Immunization Works June 2020
June 29, 2020: Content on this page kept for historical reasons.
Maintaining Childhood Immunizations and Well-Child Care During COVID-19 Pandemic: Stay-at-home and shelter-in-place orders have resulted in declines in outpatient pediatric visits and fewer vaccine doses being administered, leaving children at risk for vaccine-preventable diseases. As states develop plans for reopening, health care providers are encouraged to work with families to keep or bring children up to date with their vaccinations. Primary care practices in communities affected by COVID-19 should continue to use strategies to separate well visits from sick visitsexternal icon. Examples might include:
- Scheduling sick visits and well-child visits during different times of the day
- Reducing crowding in waiting rooms by asking patients to remain outside (e.g., stay in their vehicles, if applicable) until they are called into the facility for their appointment, or setting up triage booths to screen patients safely
- Collaborating with health care providers in the community to identify separate locations for providing well visits for children
Health care providers should identify children who have missed well-child visits and/or recommended vaccinations and contact them to schedule in-person appointments, starting with newborns, infants up to 24 months, and young children and extending through adolescence. State-based immunization information systems and electronic health records may be able to support this work.
All newborns should be seen by a pediatric health care provider shortly after hospital discharge (3 to 5 days of age). Ideally, newborn visits should be done in person during the COVID-19 pandemic to evaluate infants for dehydration and jaundice, ensure all components of newborn screening were completed and appropriate confirmatory testing and follow-up are arranged, and evaluate mothers for postpartum depression. Developmental surveillance and early childhood screenings, including developmental and autism screening, should continue, along with referrals for early intervention services and further evaluation if concerns are identified. Please visit the COVID-19 web page for additional information.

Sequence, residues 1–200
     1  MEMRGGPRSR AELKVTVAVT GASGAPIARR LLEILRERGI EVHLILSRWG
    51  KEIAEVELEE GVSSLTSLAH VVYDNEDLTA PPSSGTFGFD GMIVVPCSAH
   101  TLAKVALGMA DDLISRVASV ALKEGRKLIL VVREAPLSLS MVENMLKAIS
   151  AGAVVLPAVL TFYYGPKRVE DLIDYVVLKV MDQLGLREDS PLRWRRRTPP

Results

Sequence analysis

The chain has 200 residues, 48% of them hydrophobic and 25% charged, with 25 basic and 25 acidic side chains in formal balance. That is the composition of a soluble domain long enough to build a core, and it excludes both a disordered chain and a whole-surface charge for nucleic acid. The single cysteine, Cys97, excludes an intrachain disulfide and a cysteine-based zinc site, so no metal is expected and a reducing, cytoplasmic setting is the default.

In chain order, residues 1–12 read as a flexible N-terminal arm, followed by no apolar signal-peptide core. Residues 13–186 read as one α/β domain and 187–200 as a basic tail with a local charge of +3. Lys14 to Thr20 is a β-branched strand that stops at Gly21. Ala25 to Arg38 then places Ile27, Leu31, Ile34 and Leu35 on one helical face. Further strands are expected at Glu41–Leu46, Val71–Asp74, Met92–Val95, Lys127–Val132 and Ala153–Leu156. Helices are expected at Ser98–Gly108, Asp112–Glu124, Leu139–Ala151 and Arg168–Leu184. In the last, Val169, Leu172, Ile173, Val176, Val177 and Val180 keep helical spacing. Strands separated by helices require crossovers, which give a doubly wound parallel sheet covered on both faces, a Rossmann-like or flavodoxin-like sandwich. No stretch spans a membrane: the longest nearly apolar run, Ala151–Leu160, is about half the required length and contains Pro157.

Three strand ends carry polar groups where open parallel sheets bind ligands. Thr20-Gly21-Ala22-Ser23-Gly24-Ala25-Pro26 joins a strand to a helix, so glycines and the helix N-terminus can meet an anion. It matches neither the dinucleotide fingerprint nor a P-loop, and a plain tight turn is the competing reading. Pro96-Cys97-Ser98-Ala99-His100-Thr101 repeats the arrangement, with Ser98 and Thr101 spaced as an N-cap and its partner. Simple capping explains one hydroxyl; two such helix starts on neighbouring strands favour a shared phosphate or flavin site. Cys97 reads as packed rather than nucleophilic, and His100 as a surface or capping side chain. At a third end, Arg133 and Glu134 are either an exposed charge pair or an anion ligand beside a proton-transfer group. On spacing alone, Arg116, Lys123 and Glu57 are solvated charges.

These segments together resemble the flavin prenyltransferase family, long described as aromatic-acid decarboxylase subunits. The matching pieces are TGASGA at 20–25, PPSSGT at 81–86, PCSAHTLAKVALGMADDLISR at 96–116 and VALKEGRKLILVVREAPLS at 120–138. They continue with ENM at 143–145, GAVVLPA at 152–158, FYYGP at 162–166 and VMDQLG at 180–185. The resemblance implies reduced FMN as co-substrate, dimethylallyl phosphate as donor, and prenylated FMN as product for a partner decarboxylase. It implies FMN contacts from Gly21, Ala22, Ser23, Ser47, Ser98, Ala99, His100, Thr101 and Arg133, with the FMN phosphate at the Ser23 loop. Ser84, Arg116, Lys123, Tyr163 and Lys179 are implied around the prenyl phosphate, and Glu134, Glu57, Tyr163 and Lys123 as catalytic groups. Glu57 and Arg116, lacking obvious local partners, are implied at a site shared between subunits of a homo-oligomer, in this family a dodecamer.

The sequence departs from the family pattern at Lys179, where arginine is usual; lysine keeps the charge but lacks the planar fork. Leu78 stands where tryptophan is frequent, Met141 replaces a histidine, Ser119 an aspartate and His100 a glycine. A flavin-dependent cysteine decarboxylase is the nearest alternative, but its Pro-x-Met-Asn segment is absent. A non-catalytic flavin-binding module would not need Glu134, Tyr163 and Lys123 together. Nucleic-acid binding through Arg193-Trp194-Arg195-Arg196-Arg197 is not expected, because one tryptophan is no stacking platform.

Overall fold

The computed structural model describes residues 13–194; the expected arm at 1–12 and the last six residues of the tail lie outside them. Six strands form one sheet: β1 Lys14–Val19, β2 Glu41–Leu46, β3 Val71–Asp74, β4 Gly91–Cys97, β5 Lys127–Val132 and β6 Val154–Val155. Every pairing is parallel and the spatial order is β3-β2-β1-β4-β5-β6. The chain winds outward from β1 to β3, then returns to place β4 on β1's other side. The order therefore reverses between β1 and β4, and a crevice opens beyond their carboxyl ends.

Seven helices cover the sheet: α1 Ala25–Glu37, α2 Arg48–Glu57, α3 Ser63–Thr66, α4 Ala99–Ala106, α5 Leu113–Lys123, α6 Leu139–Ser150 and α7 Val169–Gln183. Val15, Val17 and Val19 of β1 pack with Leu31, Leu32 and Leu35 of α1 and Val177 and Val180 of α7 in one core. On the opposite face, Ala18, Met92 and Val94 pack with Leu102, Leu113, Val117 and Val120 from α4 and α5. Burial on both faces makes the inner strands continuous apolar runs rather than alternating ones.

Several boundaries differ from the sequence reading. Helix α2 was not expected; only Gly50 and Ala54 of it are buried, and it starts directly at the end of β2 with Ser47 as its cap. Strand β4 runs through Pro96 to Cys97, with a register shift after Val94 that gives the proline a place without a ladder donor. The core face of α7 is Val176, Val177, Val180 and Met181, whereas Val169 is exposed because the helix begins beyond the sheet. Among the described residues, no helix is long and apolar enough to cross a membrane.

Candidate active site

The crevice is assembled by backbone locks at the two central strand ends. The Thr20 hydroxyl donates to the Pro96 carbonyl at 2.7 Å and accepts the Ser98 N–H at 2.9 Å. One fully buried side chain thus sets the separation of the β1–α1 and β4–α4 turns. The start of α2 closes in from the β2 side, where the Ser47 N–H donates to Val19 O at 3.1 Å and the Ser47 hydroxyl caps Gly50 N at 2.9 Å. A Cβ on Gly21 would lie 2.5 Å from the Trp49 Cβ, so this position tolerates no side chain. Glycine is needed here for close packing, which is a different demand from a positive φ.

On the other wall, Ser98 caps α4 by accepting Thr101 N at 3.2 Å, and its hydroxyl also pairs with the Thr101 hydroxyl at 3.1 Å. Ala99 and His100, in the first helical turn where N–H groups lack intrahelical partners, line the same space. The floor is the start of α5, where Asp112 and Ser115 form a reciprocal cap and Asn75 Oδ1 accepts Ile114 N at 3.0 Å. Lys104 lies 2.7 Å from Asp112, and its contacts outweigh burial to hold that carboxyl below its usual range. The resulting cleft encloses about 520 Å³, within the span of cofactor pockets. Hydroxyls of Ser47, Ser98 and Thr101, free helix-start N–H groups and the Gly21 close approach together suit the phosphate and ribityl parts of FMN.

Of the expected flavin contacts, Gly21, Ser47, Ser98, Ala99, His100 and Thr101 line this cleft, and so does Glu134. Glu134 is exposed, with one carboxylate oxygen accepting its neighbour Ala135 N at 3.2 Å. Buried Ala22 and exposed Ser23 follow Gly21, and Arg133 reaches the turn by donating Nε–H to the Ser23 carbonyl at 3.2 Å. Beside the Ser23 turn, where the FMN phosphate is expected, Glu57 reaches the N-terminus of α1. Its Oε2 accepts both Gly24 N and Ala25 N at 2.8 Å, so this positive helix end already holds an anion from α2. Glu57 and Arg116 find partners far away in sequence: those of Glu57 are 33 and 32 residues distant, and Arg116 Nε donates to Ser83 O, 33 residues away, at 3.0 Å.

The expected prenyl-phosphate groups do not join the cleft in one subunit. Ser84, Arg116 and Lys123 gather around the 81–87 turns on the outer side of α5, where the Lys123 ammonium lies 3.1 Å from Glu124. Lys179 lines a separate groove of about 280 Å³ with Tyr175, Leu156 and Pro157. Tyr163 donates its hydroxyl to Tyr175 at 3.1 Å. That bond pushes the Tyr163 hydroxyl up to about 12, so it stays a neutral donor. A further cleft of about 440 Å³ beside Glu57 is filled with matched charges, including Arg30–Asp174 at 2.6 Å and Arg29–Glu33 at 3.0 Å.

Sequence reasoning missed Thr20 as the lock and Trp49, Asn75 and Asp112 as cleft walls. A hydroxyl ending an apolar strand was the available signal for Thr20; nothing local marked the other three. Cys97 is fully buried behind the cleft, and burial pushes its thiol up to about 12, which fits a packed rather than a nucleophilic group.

Immunization Guidance during COVID–19: The COVID-19 pandemic has caused health care providers to change how they operate to continue providing essential services to patients. Ensuring that immunization services are maintained or reinitiated is essential for protecting individuals and communities from vaccine-preventable diseases and outbreaks and reducing the burden of respiratory illness during the upcoming influenza season.
CDC has issued “Interim Guidance for Immunization Services During the COVID-19 Pandemic” to help immunization providers in a variety of clinical settings plan for the safe administration of vaccines during the COVID-19 pandemic. This guidance will be updated as the COVID-19 pandemic evolves.
- Considerations for routine administrations of all recommended vaccinations for children, adolescents, and adults, including pregnant women
- General practices for the safe delivery of vaccination services, including considerations for alternative vaccination sites
- Strategies for catch-up vaccinations
We encourage you to share this guidance widely.
Resources for Encouraging Vaccinations During the COVID-19 Pandemic: NCIRD has created a new web page for partners that features communication resources to encourage parents to stay up to date on routine vaccines during the COVID-19 pandemic. These resources include a web article, social media content, and social media graphics. Please consider sharing these resources on your social media platforms, newsletters, or other digital communication channels.
Progress Toward Rubella Elimination in the Western Pacific Region, 2000–2019: Rubella is the leading vaccine-preventable cause of birth defects. Rubella typically manifests as a mild febrile rash illness; however, infection during pregnancy, particularly during the first trimester, can result in miscarriage, fetal death, or a constellation of malformations known as “congenital rubella syndrome” (CRS), commonly including one or more visual, auditory, or cardiac defects. In 2012, the Regional Committee of the World Health Organization (WHO) Western Pacific Region (WPR) committed to accelerate rubella control and, in 2017, resolved that all countries or areas (countries) in WPR should aim for rubella elimination as soon as possible. WPR countries are capitalizing on measles elimination activities, using a combined measles and rubella vaccine, case-based surveillance for febrile rash illness, and integrated diagnostic testing for measles and rubella. The June 19 MMWR summarizes progress toward rubella elimination and CRS prevention in WPR during 2000–2019. Coverage with a first dose of rubella-containing vaccine (RCV1) increased from 11% in 2000 to 96% in 2019. During 1970–2019, approximately 84 million persons were vaccinated through 62 supplementary immunization activities (SIAs) conducted in 27 countries. Reported rubella incidence increased from 35.5 to 71.3 cases per million population among reporting countries during 2000–2008, decreased to 2.1 in 2017, and then increased to 18.4 in 2019 as a result of outbreaks in China and Japan. Strong, sustainable immunization programs, closing of existing immunity gaps, and maintenance of high-quality surveillance to respond rapidly to and contain outbreaks are needed in every WPR country to achieve rubella elimination in the region.